Scotland at Last and an Accidental Trip to Inverness

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Sunrise at West Sands, St Andrews.

I drove north across the border of England and Scotland a couple of weeks ago, and it was a milestone moment.

My family is from Scotland and I’ve grown up with movies, music and food from here. I’ve wanted to visit for a long time and through several twists and turns didn’t until now. Being here means a lot.

So I’ve enjoyed Scotland, and have so far visited Dumfries, St Andrews (where my grandparents met), and Edinburgh, and — accidentally — Inverness.  Continue reading

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A Brief Travel Update

I’m in Wales now, after flying from Dublin to London and spending six days there in a city filled with treasures. I saw:

–Westminster Abbey
–The world’s longest-running play, The Mousetrap by Agatha Christie
–Tower Bridge
–Portobello Market
Wicked
–An exhibition of Star Wars costumes in which I could create my own Star Wars avatar
–The Globe Theatre
–Double-decker buses (and rode in the top deck at the front once!)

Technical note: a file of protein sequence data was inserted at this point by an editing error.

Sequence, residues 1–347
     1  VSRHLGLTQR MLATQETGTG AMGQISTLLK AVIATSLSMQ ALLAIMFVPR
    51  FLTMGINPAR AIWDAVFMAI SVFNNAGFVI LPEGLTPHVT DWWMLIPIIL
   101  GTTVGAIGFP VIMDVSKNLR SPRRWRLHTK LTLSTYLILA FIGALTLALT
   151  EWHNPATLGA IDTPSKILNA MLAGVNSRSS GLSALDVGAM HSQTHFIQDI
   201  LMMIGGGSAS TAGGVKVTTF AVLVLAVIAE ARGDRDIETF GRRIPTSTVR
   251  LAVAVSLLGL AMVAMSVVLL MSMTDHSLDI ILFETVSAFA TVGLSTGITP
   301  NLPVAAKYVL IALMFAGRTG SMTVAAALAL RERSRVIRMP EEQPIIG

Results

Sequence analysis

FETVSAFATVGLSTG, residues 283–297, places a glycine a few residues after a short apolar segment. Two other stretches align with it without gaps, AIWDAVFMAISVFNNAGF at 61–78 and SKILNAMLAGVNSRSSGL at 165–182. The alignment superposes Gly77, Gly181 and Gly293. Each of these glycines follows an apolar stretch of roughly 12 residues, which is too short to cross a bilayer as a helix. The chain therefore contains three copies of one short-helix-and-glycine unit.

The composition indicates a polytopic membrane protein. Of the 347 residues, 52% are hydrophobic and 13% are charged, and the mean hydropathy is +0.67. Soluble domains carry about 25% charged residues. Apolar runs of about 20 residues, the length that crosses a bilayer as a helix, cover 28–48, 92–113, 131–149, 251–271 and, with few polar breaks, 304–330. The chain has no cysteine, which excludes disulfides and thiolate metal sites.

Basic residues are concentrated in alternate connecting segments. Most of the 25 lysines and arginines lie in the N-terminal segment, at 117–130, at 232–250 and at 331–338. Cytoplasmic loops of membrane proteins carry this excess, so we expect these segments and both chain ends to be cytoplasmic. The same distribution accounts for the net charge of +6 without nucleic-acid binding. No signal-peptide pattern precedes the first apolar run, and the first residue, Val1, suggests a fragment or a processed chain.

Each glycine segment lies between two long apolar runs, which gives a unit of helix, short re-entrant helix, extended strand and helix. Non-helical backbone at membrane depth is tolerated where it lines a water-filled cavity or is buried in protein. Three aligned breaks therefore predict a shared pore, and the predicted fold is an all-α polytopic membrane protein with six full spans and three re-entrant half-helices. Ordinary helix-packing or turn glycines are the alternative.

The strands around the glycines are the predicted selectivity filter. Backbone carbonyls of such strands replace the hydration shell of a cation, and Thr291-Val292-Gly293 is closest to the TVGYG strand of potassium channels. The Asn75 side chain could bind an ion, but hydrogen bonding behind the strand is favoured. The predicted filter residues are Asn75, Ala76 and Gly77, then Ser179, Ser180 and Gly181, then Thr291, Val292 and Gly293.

–Telephone boxes (which I have continued to see in driving around Wales)
–Hyde Park
–St. Paul’s Cathedral
–Millenium Bridge (the one that was destroyed in Harry Potter)
–The outside of Buckingham Palace

The list could grow beyond that. I was amazed in the British Library by works in the hand of Jane Austen and Thomas Hardy. In walking around the city, I found several authors’ residences.  Continue reading

Five Favorite Photos from Ireland (So Far)

Ireland is a country that has danced through books I’ve read and songs I’ve sung for many years. Myths and legends grow here. So do sheep.

And I am finally here.

Here are my five favorite photos from my first five days in Ireland:

The first picture is from my first hike on this island. I walked to the top of Knocknarea Mountain in County Sligo where the cairn of Queen Maeve, who was buried with her spear, standing upright and facing her enemies, towers over the landscape. The trail wound through these trees. This was the view on my way back down the steep stairs. This was Ireland, the country in all the songs and the movies, the country where banshees and will-o’-the-wisps were real, the country where an informational placard on a house associated with the poet William Butler Yeats said, “The ghosts of smugglers used to tap on the window panes,” just matter of factly, no “Legend says” attribution accompanying the statement. Continue reading